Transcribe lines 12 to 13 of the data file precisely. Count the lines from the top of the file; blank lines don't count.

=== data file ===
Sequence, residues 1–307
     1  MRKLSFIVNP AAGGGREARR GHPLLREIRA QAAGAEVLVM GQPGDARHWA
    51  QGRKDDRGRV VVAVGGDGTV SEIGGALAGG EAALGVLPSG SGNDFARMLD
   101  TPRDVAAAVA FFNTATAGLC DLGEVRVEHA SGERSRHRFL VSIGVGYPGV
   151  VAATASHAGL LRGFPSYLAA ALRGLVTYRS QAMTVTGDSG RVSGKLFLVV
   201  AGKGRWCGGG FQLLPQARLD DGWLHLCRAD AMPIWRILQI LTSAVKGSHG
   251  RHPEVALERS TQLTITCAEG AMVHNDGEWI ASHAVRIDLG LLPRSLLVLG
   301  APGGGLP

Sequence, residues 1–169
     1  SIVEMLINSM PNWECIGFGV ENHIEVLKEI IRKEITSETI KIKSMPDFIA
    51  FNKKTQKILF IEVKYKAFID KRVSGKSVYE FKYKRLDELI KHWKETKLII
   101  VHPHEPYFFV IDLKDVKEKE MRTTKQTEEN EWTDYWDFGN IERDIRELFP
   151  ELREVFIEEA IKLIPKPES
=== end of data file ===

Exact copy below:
   101  VHPHEPYFFV IDLKDVKEKE MRTTKQTEEN EWTDYWDFGN IERDIRELFP
   151  ELREVFIEEA IKLIPKPES